On December 21, 2020, San Diego-based attorney Marc Applbaum and his La Jolla-based law partner Bryan Gonzales filed a civil rights lawsuit on Gomez’s behalf in Riverside Federal Court naming The City of Victorville, Victorville City Manager Keith Metzler, former Victorville Mayor Gloria Garcia, former Victorville City Councilman Jim Cox, Victorville Mayor Debra Jones, the Victorville City Council, Victorville City Attorney Andre deBortnowsky, Victorville Assistant City Manager Sophie Smith, Victorville City Clerk Charlene Robinson, Victorville Assistant City Clerk Marcia Wolters and Victorville Spokeswoman Sue Jones, the San Bernardino County Sheriff’s Department and Hesperia City Manager Nils Bentsen. The suit alleged Gomez had been disenfranchised by current and former city officials “as a result of her alliances with pro-immigration and homeless nonprofit organizations.”
Victorville city officials were “systematically disrupting her from performing her duties” in her capacity as a city council member, the suit alleged, “by physically and electronically blocking access to meetings and to her city government emails for the sole purpose of keeping her silent and for asking questions about the fraud and corruption agenda being systematically and strategically coordinated” at City Hall, according to the lawsuit.
The suit alleged that on February 6, 2018, then-Mayor Gloria Garcia “publicly stated that [Gomez] ‘was a criminal on welfare.’” The suit stated that Gomez “is not allowed to either object or cast her vote in favor or in opposition to city council matters.” To support that allegation, Applbaum and Gonzales cited the city council’s vote “approving $18,000.00 paid by the Victorville taxpayers for attorney fees paid to defendant Andre deBortnowski’s law office that represents civil litigation clients, including, local resident Joe Fekete that (sic) had filed a civil harassment lawsuit against the mayor.”
The lawsuit stated that Gomez had been “locked out of city council meetings and denied access to city business and documents in an arbitrary and capricious manner.”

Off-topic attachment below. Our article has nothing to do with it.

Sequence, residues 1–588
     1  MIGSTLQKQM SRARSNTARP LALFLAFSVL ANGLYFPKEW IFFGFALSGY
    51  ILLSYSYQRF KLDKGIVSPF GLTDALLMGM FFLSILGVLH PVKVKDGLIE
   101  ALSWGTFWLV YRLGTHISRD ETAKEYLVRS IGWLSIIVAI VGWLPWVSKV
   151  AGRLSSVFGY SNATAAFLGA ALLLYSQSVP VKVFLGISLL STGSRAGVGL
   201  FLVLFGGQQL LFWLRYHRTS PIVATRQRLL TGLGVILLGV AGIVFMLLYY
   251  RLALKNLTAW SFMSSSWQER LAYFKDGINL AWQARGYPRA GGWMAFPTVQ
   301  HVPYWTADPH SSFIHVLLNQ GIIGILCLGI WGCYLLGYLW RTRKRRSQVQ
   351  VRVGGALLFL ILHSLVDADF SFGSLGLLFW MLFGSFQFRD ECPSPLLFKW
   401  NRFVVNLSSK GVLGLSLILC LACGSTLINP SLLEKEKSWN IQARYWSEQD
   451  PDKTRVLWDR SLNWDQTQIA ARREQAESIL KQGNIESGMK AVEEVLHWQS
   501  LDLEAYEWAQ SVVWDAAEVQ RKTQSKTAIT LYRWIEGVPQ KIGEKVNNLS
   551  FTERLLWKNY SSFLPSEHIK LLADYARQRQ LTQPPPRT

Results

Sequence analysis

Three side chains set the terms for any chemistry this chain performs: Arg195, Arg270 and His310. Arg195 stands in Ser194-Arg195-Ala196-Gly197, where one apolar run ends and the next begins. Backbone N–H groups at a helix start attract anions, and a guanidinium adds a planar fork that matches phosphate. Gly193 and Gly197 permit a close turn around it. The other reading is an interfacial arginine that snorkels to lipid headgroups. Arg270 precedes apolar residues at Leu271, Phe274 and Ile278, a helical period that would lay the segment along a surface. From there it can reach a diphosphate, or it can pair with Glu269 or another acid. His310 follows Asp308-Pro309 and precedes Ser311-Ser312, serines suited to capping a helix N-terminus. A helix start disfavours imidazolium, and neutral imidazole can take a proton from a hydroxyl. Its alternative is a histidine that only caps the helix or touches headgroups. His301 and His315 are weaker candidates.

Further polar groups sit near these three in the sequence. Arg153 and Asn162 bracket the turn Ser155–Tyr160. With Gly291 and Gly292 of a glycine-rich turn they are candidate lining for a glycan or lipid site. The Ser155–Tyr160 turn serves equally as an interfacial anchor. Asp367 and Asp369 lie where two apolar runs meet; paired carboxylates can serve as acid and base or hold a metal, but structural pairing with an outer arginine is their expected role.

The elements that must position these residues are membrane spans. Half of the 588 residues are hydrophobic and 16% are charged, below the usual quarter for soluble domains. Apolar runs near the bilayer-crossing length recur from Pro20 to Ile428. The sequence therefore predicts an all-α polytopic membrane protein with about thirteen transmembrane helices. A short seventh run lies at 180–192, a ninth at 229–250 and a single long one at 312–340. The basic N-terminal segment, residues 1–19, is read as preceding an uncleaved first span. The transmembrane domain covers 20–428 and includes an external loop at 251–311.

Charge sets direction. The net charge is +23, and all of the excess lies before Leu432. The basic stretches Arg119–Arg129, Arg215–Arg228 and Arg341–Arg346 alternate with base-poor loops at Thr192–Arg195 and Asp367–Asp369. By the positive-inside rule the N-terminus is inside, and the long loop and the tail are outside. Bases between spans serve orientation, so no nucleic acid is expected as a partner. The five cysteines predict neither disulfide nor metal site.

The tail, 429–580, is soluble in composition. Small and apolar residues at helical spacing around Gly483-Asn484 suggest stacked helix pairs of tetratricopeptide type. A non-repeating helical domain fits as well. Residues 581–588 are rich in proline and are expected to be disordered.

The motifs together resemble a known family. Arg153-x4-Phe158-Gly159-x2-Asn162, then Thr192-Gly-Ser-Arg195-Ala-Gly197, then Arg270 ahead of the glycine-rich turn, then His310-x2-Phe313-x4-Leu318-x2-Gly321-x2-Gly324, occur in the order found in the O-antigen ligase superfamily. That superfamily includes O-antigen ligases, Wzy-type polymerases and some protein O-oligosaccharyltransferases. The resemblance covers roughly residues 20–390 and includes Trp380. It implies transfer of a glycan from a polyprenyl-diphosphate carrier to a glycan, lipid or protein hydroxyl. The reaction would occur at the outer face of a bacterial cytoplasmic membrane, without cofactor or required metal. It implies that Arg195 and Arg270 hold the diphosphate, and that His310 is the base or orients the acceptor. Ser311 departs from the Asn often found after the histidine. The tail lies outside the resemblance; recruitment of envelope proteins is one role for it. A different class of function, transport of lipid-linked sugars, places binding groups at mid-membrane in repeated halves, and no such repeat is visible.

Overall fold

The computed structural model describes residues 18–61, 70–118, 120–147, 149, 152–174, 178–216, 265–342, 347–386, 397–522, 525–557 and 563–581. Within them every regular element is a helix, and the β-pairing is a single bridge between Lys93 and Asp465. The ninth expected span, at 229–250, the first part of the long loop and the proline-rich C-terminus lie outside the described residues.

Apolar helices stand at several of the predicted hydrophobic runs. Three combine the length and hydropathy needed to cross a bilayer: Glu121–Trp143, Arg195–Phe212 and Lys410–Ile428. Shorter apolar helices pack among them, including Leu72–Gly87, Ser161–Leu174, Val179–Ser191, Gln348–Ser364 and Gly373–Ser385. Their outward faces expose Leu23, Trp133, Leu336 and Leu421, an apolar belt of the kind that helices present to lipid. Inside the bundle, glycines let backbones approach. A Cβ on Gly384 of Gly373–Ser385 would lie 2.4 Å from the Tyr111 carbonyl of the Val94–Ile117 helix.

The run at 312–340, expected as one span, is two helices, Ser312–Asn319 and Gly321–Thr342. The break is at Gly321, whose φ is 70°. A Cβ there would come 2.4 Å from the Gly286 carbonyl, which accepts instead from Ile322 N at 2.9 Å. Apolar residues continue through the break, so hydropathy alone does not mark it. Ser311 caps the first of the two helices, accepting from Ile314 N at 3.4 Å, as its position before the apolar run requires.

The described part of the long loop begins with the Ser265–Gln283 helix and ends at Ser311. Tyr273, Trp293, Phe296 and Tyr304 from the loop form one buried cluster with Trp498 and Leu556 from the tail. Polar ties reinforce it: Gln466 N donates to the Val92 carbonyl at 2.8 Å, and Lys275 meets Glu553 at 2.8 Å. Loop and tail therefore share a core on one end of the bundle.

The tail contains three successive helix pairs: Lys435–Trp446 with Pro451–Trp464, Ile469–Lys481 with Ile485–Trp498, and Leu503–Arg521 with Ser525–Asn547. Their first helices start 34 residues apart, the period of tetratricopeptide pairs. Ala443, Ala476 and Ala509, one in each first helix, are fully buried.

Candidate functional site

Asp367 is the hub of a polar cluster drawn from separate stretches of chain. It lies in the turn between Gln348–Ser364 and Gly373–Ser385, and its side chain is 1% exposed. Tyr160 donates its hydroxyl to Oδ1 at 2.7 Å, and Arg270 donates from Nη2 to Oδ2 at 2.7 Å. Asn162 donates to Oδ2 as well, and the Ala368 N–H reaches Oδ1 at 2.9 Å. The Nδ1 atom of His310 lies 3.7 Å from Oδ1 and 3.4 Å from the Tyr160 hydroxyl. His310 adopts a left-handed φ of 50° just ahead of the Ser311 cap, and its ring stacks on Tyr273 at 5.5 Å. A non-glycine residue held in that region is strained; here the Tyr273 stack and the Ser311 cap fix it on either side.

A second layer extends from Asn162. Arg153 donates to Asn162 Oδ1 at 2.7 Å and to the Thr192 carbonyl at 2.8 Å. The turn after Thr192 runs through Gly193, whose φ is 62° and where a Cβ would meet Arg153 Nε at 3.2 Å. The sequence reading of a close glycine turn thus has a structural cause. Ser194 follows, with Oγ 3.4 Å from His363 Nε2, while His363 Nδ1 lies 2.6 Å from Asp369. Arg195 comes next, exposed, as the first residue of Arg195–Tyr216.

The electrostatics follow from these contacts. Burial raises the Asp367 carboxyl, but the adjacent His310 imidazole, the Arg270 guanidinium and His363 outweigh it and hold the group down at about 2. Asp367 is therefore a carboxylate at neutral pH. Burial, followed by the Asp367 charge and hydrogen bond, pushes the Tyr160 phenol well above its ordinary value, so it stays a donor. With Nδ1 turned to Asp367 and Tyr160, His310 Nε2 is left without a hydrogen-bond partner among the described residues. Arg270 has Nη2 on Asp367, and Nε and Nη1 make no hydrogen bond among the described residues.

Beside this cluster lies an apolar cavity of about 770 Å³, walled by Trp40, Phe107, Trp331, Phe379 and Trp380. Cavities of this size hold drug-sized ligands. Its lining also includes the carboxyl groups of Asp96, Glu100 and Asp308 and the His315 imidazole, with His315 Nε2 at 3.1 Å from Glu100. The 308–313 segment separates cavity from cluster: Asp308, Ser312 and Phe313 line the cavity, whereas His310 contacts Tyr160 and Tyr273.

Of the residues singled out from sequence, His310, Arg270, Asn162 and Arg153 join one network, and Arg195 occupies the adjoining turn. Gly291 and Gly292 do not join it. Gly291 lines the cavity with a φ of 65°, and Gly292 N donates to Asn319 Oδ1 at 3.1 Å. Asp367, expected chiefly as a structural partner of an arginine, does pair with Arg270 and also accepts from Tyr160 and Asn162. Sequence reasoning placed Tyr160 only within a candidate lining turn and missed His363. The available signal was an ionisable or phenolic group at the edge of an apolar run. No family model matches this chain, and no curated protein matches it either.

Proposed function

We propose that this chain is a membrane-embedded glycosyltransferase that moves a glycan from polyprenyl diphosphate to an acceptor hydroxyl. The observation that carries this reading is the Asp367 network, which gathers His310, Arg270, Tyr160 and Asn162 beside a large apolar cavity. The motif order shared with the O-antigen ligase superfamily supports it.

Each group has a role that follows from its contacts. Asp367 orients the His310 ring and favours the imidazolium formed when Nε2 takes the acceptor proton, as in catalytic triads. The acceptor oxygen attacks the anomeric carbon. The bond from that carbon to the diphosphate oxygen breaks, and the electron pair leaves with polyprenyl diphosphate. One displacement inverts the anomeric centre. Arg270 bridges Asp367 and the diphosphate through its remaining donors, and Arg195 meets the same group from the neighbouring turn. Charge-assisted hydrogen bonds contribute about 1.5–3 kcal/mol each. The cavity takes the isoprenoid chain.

The lawsuit further cited an incident that took place in Hesperia on August 2, 2018, when Gomez had gone to Hesperia City Hall to assist in registering Hispanic candidates for a city council run in that year’s election. Gomez was “wrongfully arrested as a result of a City Hall employee requesting a citizen’s arrest on suspicion of resisting arrest and trespassing at Hesperia City Hall for assisting local candidates running for public office,” according to the suit. ‘[Gomez] alleges the city clerk of Hesperia contacted defendant Bensen [sic] to coordinate the unlawful arrest of [Gomez]. On August 2, 2018, Blanca Gomez alleges that she was wrongfully arrested pursuant to Penal Code § 834 as a result of Hesperia City Manager, defendant Nils Bentsen, who used his personal cell phone to take plaintiff’s picture when she was requesting that [Deputy] Sheriff Crosswhite not videotape her arrest for purely political reasons, capturing and publishing her illegal arrest on the internet for suspicion of resisting arrest and trespassing at Hesperia City Hall for nothing more than assisting local candidates running for public office.”
The suit states that “[Gomez] alleges that defendant San Bernardino County Sheriff’s Department commenced a legal action without probable cause solely to embarrass [Gomez] for political reasons as requested by defendant city manager that (sic) is intent on harming [Gomez] in retaliation for being independent and honest.”
In the aftermath of her arrest, the San Bernardino County District Attorney’s Office did not file charges against Gomez on the trespassing nor on the resisting arrest allegations made by the sheriff’s office relating to the incident at Hesperia City Hall.